Whenever people complain about being too busy to get a moment’s peace our sensors shoot up. Staying busy is a tried and true way to diminish the intensity of painful existential anxiety. Many of the same people who wish for some respite from their chaotic days don’t really know how to handle a state of calm where there’s nothing to do and nowhere to go.
They’re wary of that state of calm because it’s in those moments that existential anxiety crashes into conscious awareness. Their unconscious response is to keep their schedules filled, to keep on bouncing from one activity to the next until it’s time to go to bed. When they’re able to convince themselves and others that their busyiness is a consequence of necessity not manufactured by them they have a rationalization in place to keep on running from their anxiety.
But they pay a steep price. Their anxiety doesn’t disappear it just goes underground, they don’t confront the various existential aspects of their life situations that must be dealt with for further emotional and psychological development to take place, and they rarely give themselves permission to go offline, to power down and recharge their psychic batteries.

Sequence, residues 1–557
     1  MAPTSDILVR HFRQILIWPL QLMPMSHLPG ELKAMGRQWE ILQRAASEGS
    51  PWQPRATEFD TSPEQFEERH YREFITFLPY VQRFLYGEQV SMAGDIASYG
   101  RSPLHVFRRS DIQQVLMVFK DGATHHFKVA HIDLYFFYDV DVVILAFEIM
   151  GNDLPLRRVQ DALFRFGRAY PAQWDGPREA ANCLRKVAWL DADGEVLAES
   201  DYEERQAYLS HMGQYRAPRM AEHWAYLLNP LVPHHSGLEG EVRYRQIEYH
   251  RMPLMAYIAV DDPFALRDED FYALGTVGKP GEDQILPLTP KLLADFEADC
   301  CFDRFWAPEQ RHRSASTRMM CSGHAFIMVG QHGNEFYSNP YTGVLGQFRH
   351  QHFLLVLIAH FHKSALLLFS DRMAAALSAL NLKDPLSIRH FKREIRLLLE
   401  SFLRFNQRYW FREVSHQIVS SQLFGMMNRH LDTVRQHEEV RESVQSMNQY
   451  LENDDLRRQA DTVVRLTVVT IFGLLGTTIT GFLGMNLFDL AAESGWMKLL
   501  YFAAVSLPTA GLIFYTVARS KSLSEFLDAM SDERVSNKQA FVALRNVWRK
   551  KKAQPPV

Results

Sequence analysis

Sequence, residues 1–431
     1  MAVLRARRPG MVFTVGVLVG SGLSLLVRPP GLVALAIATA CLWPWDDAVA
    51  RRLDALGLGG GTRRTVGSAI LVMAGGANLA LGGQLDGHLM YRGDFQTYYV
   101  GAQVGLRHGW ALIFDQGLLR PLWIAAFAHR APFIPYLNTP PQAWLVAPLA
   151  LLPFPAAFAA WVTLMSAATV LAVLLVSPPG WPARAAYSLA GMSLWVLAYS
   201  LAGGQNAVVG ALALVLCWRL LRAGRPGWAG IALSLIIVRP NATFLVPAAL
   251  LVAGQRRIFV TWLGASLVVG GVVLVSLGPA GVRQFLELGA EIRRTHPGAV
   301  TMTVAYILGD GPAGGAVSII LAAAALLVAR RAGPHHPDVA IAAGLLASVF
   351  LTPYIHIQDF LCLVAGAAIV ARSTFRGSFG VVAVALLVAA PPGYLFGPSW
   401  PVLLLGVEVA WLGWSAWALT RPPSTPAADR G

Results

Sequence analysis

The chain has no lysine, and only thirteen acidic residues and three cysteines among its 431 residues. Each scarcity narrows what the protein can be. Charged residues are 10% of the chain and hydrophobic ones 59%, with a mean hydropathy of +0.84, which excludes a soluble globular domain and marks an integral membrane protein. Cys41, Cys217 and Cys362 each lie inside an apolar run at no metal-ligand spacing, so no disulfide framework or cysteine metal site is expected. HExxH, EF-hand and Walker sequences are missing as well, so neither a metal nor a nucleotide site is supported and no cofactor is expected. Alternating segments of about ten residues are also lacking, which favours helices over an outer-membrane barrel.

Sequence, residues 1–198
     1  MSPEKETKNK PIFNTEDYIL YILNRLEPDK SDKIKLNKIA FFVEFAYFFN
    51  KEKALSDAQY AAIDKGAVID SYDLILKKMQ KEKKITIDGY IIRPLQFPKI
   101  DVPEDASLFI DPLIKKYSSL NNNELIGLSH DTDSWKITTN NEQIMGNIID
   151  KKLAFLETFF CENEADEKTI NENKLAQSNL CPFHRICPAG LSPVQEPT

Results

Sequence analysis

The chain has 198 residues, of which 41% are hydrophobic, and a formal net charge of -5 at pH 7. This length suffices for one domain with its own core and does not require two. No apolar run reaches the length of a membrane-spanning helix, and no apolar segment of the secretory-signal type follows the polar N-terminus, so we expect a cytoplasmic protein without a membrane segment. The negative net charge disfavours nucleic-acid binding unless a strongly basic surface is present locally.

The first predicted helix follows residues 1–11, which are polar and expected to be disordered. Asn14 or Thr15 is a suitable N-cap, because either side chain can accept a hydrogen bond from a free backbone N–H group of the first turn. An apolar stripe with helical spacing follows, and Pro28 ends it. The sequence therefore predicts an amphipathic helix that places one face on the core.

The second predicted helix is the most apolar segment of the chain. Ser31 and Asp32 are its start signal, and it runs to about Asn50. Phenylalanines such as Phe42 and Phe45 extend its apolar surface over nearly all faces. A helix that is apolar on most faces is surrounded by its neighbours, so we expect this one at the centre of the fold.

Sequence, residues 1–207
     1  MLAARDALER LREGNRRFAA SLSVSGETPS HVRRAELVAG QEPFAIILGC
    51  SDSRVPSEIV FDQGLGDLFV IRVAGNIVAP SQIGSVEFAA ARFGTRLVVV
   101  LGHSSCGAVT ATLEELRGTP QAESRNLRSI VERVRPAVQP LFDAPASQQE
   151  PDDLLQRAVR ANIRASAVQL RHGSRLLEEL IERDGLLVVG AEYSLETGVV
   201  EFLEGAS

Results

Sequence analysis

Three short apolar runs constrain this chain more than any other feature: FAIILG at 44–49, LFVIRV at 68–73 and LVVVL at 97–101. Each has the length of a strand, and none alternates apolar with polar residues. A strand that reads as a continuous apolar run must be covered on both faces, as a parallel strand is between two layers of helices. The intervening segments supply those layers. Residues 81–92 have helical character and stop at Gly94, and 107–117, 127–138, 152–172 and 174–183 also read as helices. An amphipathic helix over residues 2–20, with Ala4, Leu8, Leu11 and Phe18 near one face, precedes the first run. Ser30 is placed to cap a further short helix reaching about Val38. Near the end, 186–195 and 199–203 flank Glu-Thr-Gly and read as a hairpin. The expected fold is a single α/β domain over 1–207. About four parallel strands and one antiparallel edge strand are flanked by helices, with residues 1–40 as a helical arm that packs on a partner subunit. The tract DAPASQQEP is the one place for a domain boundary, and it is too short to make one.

The result is getting stuck between a rock and a hard place where they feel like they’re falling apart at the seams but can’t slow down because of that lurking specter of existential anxiety waiting to pounce the moment they do. The key is realizing that taking the time for true peace and relaxation is not a luxury but a necessity if the goal is to live a happy, healthy life. When the anxiety cued off by having no active focus of attention is consciously recognized and embraced what happens for most people is first a flurry of insight into areas of their life situations that need to change and later, with a little practice, the ability to inhabit the state of calm without the felt need to fill it up with this or that activity since the anxiety that used to compel them to keep moving at all costs now gets confronted head on.